NT Police Officer Lee Morgan, who responded to a call from Darwin shooter Benjamin Hoffmann, shares his story

Detective Superintendent Lee Morgan remembers exactly where he was when the first triple-0 call arrived, at dusk on June 4, 2019.

“We get countless reports of gunshots that turned out to be fireworks,” he recalled.

“The first assessment was, is it the middle of Darwin, who drops tricks?”

But within about 30 seconds, the telephone lines at Darwin’s emergency communications center were livening up with calls from downtown.

And it wasn’t fireworks.

The alleged shooter is being held at the Royal Darwin Hospital.(ABC News: Clara Latter)

Instead, it was the start of a terrifying drug-fueled shootout led by parolee Benjamin Glen Hoffmann that culminated yesterday in the 48-year-old being sentenced to life in prison without possibility of parole.

At the police headquarters emergency call center, 15 miles out of town, then-Duty Superintendent Lee Morgan and his colleague, Shift Commander Bruce Payne, directed all available officers to the center of the carnage.

“Very quickly we realized the offender wasn’t in a position, he was moving around,” Detective Superintendent Morgan recalled.

“Unfortunately, by the time we brought most of our people to the area, we were getting calls that the offender was at another location.”

Despite having over twenty years of policing the Northern Territory under his belt, Detective Superintendent Morgan was thinking on his feet.

“There’s no playbook for that,” he said.

A map of Darwin highlighting 7 different places visited by Benjamin Hoffmann
The places visited by Benjamin Hoffmann during his June 4, 2019 shooting, in which four people died.(ABC News)

“It was pretty scary. It was nothing I had ever had to deal with before and I hope I never will again. At the forefront of your mind is ‘how are we going to solve this ‘How are we going to keep the community safe?’ “

About 10 minutes after the first report of gunshots, police learned that at least one person had died.

“There’s someone out there killing people”

Hassan Baydoun, 33, a taxi driver who lived at the Palms Motel, was on a break from work when he was shot by Hoffmann.

The exterior of a two story red brick building with blue balcony railings, seen through the trees.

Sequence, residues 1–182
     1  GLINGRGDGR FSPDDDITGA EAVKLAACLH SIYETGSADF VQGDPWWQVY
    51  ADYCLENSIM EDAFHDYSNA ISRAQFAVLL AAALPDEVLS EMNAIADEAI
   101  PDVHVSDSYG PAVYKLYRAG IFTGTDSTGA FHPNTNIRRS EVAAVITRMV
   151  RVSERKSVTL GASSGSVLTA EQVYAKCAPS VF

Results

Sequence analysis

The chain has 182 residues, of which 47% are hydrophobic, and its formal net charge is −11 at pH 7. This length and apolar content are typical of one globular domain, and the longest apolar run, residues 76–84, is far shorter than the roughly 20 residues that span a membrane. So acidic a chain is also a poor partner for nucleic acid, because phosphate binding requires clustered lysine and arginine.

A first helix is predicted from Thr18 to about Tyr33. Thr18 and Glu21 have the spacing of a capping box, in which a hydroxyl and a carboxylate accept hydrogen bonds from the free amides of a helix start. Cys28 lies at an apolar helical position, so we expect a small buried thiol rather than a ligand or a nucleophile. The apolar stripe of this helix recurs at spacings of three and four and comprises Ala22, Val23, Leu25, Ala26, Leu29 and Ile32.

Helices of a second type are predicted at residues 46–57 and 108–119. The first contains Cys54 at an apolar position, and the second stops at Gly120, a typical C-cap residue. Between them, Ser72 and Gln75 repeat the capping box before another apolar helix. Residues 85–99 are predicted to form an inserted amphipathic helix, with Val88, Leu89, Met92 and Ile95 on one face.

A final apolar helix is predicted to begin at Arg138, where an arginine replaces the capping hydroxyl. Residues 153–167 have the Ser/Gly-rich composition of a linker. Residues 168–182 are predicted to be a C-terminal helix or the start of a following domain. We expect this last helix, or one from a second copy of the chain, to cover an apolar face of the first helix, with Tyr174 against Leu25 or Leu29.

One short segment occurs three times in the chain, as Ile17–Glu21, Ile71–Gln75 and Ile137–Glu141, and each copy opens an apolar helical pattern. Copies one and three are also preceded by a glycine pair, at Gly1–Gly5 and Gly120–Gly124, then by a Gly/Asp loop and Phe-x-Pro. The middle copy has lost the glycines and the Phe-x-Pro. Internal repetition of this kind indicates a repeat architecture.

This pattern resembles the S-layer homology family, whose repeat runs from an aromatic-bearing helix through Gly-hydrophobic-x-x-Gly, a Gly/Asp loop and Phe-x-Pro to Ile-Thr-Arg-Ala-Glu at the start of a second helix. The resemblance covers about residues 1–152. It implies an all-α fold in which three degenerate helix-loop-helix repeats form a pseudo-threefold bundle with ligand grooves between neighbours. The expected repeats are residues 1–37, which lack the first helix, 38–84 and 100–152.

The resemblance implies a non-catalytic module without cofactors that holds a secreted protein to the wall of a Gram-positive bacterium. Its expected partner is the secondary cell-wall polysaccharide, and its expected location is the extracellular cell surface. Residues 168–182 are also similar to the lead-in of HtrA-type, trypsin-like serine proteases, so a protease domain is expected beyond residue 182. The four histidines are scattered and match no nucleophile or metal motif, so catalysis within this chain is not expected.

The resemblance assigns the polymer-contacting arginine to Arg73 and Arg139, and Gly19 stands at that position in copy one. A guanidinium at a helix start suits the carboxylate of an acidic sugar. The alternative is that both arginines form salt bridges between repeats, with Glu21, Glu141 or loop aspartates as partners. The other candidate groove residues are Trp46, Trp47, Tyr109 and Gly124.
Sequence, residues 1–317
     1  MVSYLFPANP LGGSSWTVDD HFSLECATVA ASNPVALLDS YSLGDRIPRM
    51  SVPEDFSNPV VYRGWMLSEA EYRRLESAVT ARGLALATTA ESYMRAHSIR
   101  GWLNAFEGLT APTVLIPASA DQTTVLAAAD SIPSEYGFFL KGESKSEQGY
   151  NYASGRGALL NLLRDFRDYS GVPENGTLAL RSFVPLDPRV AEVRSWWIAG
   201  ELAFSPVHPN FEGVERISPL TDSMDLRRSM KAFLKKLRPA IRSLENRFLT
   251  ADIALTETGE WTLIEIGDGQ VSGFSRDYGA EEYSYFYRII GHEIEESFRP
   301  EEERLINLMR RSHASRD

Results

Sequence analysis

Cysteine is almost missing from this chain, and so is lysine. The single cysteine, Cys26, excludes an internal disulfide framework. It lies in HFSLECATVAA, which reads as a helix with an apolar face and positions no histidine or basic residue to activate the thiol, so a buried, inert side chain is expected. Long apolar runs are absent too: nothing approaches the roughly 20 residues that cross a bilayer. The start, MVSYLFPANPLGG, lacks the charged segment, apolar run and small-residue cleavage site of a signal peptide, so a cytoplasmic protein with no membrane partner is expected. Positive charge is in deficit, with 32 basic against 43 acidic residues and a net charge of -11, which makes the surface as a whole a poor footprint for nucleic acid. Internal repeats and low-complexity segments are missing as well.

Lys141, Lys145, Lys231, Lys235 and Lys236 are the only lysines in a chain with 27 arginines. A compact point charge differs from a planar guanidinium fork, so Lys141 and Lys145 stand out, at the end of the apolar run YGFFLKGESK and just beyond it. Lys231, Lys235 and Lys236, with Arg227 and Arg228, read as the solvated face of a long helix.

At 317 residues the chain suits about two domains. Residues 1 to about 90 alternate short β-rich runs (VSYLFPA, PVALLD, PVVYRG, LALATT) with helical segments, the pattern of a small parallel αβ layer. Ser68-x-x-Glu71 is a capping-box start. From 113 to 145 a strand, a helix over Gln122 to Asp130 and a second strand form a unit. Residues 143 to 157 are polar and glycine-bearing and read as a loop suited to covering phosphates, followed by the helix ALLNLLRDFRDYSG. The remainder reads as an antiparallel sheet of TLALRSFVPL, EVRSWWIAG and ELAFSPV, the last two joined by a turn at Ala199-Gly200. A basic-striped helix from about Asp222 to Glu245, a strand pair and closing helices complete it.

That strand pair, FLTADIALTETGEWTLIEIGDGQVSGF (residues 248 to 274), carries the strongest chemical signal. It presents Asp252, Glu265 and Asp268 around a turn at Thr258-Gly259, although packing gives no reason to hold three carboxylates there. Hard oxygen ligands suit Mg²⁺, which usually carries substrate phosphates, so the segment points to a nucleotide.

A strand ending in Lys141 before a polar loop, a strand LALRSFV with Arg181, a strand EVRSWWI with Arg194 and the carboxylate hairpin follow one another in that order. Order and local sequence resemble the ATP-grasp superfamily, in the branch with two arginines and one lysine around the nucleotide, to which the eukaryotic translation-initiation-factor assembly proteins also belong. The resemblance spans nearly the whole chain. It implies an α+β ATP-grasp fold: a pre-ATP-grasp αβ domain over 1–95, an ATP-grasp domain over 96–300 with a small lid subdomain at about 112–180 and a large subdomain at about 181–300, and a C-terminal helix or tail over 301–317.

Hassan Baydoun was killed at the Palms Motel.(ABC News: Hamish Harty)

“It’s changed the situation again, it’s changed the way you think,” Detective Superintendent Morgan said.

“It makes us realize very quickly that there is someone killing people and it is your responsibility to solve it.

“[I was] in a position where potentially I’m going to send my own people into a situation that they might not get out of, and that’s really hard to do,” he said.

Within an hour, Benjamin Hoffmann traveled to several different locations in the city, killing three other people.

A composite image of four men
(Clockwise from top left) Shooting victims Robert Courtney, Hassan Baydoun, Michael Sisois and Nigel Hellings.(Provided)

Nigel Hellings, 75, was shot and killed at his home in The Gardens.

Hoffmann’s former colleague, Michael Sisois, was shot dead in the parking lot of the Buff Club.

With police seconds behind him at this point, Hoffmann left downtown and killed Robert Courtney, in a bloody and frantic attack in the inner suburb of Woolner.

“The process where someone picks up the phone and calls the communications center and someone takes that information, puts it in the system and then shares it; you’re always a few minutes late,” the Detective Superintendent said. Morgan.

Hoffmann was later captured on CCTV within yards of Detective Superintendent Morgan and his team. However, the police had no idea until a few hours later.

Covered in blood and holding a shotgun, Hoffmann showed up at the gates of the police headquarters.

He has since maintained in court that he was attempting to turn himself in, and Detective Superintendent Morgan believes him, as minutes later the officer was on the phone with the killer himself.

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Play the video.  Duration: 38 seconds

Benjamin Hoffmann’s triple-0 call to the police.

Take a call from a killer

Hoffmann’s chaotic triple-0 call, made as he headed back to town, played out for the jury during his 2021 trial.

“Hey Ben, my name is Lee. How are you, man?”

“Man, where can I meet you? I’m f****d.”

Detective Superintendent Morgan had not heard the audio of the phone call until he was sitting in the witness box, testifying at Hoffmann’s murder trial.

“It was hard to listen to,” he said.